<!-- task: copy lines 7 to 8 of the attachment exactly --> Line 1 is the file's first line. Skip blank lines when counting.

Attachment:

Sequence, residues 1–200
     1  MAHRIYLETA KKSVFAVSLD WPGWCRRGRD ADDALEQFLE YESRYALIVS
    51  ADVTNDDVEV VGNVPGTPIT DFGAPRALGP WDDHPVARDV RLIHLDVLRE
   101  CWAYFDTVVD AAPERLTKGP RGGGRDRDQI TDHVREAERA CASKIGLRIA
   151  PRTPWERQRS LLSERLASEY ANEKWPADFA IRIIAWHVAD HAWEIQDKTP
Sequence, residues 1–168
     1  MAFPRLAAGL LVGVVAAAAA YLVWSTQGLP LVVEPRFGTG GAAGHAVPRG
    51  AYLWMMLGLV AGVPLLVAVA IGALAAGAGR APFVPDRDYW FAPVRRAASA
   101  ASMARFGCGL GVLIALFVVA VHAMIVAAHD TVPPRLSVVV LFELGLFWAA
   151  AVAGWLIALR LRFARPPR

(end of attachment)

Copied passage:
     1  MAFPRLAAGL LVGVVAAAAA YLVWSTQGLP LVVEPRFGTG GAAGHAVPRG
    51  AYLWMMLGLV AGVPLLVAVA IGALAAGAGR APFVPDRDYW FAPVRRAASA